JPhrases/ParitySymmetry

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7C. Parity & Symmetry

Parity and symmetry each refer to any one of several related notions, including:

Parity

1. Integers - odd or even 1. Permutations - odd if equivalent to an odd number of transpositions of pairs; even otherwise 1. A function - odd if negation of its argument negates its result; even if the result is unchanged; or neither

Symmetry and skew-symmetry

1. A matrix is symmetric if equal to its transpose; skew if equal to the negation of its transpose; or neither 1. function is symmetric if it is invariant under permutations of its argument 1. A function f is symmetric under g if f&.g is equivalent to f; is skew if it is equivalent to -@f; or neither. Item c of parity concerns symmetry under -

Symmetric and skew-symmetric parts

Each has the specified property, and their sum equals the function from which they are derived. For example, sinh and cosh are the odd and even parts of the exponential under negation.

In classifying any entity for parity or symmetry, we will give the result _1 for the odd or skew case, 1 for the even or symmetric case, and 0 for neither.

m0=: Isodd=: 2&| Test if y is an odd integer
m1=: Iseven=: -.@Isodd Test if y is an even integer
m2=: Isperm=: -: /:@/: Test if y is a permutation vector
a3=: 1 : 'x. -: [: x. ?@!@# A. ]' Necessary condition for symmetry of fn.
m4=: Isperm * _1:^>/~ ~:/@,@:* </~@i.@# Classify argument as a permutation
m5=: L=: >/~ Left, centre, right limbs of the fork ...
m6=: C=: ~:/@,@:* ... evaluated in m4 ; see their use below ...
m7=: R=: </~@i.@# ... to demonstrate design of its definition
m8=: C.!.2 same as m4
m9=: Isperm * _1:^+/@(<:@#@>@(C.@~.)) Parity of permutation from cycle lengths
m10=: -/@(|:-:"2],:-) Classify matrix (skew, neither, sym)
a11=: skn=: .:- Skew part with respect to negate
a12=: syn=: ..- Symmetric "
a13=: skt=: .:|: Skew part with respect to transpose
a14=: syt=: ..|: Symmetric "
m15=: sinh=: 5&o. Hyperbolic sine
m16=: cosh=: 6&o. Hyperbolic cosine
n17=: m=: 3 1 4,2 0 5,:1 4 1 A 3-by-3 matrix
d18=: ip=: +/ . * Inner (matrix) product
m19=: LF=: m&ip A linear function
m20=: cst=: C.!.2@(#:i.)@:#~ Complete skew tensor
d21=: cross1=: [ip cst@#@[ip] Generalized cross-product
d22=: cross2=: ((_1: |.[)*(1:|.]))-((1: |.[)*(_1: |. ])) Conventional cross product (not valid for dimension greater than 3)
m23=: det1=: +/@,@(*// * cst@#) Determinant in terms of cst
m24=: det2=: -/ . * Determinant
m25=: length=: m24=: +/&.(*:"_)"1 Length of vector
m26=: arcsin=: _1&o. Arcsine
m27=: angle=:arcsin@(length@ cross1 % length@[*length@]) Angle between two vectors
m28=: dfr=: 180p_1&* Degrees from radians

The symmetry of a function may be tested (but not guaranteed) by the adverb a3 :    +/ a3 +/ -: [| +/ ?@!@# A. ]]

(+/a3,-/a3,*/a3,>./a3,/:~a3) 3 1 4 2

1 0 1 1 1

Sum, product over, max over, and sort are symmetric, but the alternating sum is not.

Phrases may be analyzed by isolating and executing phrases that occur within them. Consider, for example, phrases m4-7:

   p6=: (i.@! A. i.) 3
   n6=: 3 3 3#:i.6
   p6 ; (,. m4"1 p6) ; n6 ; (,. m4"1 n6)
+-----+--+-----+-+
|0 1 2| 1|0 0 0|0|
|0 2 1|_1|0 0 1|0|
|1 0 2|_1|0 0 2|0|
|1 2 0| 1|0 1 0|0|
|2 0 1| 1|0 1 1|0|
|2 1 0|_1|0 1 2|1|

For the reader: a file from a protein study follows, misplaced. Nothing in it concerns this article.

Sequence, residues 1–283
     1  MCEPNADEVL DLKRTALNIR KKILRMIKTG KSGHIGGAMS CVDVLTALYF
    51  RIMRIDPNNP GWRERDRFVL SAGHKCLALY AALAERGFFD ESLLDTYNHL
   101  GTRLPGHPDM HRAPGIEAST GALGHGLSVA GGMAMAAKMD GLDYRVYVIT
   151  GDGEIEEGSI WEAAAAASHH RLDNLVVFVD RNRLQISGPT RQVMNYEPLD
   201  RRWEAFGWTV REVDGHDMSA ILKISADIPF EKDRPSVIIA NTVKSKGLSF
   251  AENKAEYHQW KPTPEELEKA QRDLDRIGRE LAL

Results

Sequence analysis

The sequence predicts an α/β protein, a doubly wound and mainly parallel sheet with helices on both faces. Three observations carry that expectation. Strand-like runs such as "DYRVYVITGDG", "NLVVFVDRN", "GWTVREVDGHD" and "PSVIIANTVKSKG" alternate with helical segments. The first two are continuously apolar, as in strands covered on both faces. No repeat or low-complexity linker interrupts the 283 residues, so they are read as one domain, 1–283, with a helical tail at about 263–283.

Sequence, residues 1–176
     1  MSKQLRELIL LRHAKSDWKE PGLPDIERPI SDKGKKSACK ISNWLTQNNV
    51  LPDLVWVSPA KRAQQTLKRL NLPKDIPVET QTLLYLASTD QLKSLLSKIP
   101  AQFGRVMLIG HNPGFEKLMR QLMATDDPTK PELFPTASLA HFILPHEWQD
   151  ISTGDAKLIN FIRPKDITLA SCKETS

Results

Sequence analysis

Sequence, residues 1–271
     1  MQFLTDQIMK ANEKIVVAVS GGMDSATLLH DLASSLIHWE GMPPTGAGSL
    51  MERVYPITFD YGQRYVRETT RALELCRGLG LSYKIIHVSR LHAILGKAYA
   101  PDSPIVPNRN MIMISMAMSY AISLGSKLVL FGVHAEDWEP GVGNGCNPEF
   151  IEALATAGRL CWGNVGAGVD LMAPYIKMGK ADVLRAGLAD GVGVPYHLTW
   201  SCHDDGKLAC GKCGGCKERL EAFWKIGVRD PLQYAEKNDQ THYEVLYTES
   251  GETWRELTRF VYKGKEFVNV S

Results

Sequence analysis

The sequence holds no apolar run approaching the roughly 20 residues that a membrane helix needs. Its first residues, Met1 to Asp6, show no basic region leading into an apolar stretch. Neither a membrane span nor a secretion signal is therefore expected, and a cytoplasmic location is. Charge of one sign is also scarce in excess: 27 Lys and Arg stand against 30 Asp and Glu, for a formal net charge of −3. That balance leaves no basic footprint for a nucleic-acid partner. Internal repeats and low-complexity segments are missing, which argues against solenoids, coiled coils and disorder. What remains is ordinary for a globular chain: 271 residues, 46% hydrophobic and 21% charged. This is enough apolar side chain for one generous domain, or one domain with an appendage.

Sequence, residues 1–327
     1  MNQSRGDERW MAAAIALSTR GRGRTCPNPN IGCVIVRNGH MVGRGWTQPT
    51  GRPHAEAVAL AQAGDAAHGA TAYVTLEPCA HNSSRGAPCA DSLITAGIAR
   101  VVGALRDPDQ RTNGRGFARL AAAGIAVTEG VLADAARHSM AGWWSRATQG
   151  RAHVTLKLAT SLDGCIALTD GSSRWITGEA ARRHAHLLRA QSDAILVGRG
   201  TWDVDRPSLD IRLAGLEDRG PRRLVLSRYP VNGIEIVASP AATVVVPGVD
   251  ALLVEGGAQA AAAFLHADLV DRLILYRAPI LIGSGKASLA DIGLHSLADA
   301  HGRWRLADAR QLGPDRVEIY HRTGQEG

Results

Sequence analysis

+-----+--+-----+-+

   perm=: 3 1 4 2 0
   (L;R;(L*R);(L C R)) perm
+---------+---------+---------+-+
|0 1 0 1 1|0 1 1 1 1|0 1 0 1 1|1|
|0 0 0 0 1|0 0 1 1 1|0 0 0 0 1| |
|1 1 0 1 1|0 0 0 1 1|0 0 0 1 1| |
|0 1 0 0 1|0 0 0 0 1|0 0 0 0 1| |
|0 0 0 0 0|0 0 0 0 0|0 0 0 0 0| |
+---------+---------+---------+-+

These panels show that L compares every pair of elements of the argument for precedence (to see which must be moved over which), and the upper triangle provided by R masks out double counting.

Used with various functions such as negate and transpose, the conjunctions .: and .. yield adverbs that produce odd and even parts of functions to which they are applied:    (^skn,sinh,^syn,cosh,: ^ = ^skn + ^syn) a=:i.6 0 1.1752 3.62686 10.0179 27.2899 74.2032 0 1.1752 3.62686 10.0179 27.2899 74.2032 1 1.54308 3.7622 10.0677 27.3082 74.2099 1 1.54308 3.7622 10.0677 27.3082 74.2099 1 1 1 1 1 1

]y=: (^t. , ^skn t. , sinh t. , ^syn t. ,: cosh t.) a

1 1 0.5 0.1666667 0.04166667 0.008333333 0 1 0 0.1666667 0 0.008333333 0 1 0 0.1666667 0 0.008333333 1 0 0.5 0 0.04166667 0 1 0 0.5 0 0.04166667 0

% y

1 1 2 6 24 120 _ 1 _ 6 _ 120 _ 1 _ 6 _ 120 1 _ 2 _ 24 _ 1 _ 2 _ 24 _

!^:_1 % y

0 0 2 3 4 5 _ 0 _ 3 _ 5 _ 0 _ 3 _ 5 0 _ 2 _ 4 _ 0 _ 2 _ 4 _

(LF;LF skt;LF syt;LF skt+LF syt) m

+----------------------------------------------+ |15 19 21|_5.5 _3.5 5|20.5 22.5 16|15 19 21| |11 22 13|_7.5 _3.5 3|18.5 25.5 10|11 22 13| |12 5 25| 0.5 _1 3.5|11.5 6 21.5|12 5 25| +----------------------------------------------+

Skew arrays may be used in expressions for orthogonality, as in the vector cross product (orthogonal to the plane defined by its arguments), the curl (orthogonal to the matrix of partial derivatives), and the determinant. We will illustrate this by the completely skew tensor (cst), whose sign is reversed by the transposition of any pair of axes.    v=: a cross1 b [a=: 3 1 4 [ b=: 2 0 5

v;(v ip a,.b);(a angle b);(dfr 0 0 1 angle 0 1 0)

+------+---+---------+--+ |_5 7 2|0 0|0.3274544|90| +------+---+---------+--+

(cst@#;*//;(cst@#**//);+/@,@(cst@#**//);det1) m

+--------+--------+--------+---+---+ | 0 0 0| 6 24 6|0 0 0|_25|_25| | 0 0 1| 0 0 0|0 0 0| | | | 0 _1 0|15 60 15|0 _60 0| | | | | | | | | | 0 0 _1| 2 8 2|0 0 _2| | | | 0 0 0| 0 0 0|0 0 0| | | | 1 0 0| 5 20 5|5 0 0| | | | | | | | | | 0 1 0| 8 32 8|0 32 0| | | |_1 0 0| 0 0 0|0 0 0| | | | 0 0 0|20 80 20|0 0 0| | | +--------+--------+--------+---+---+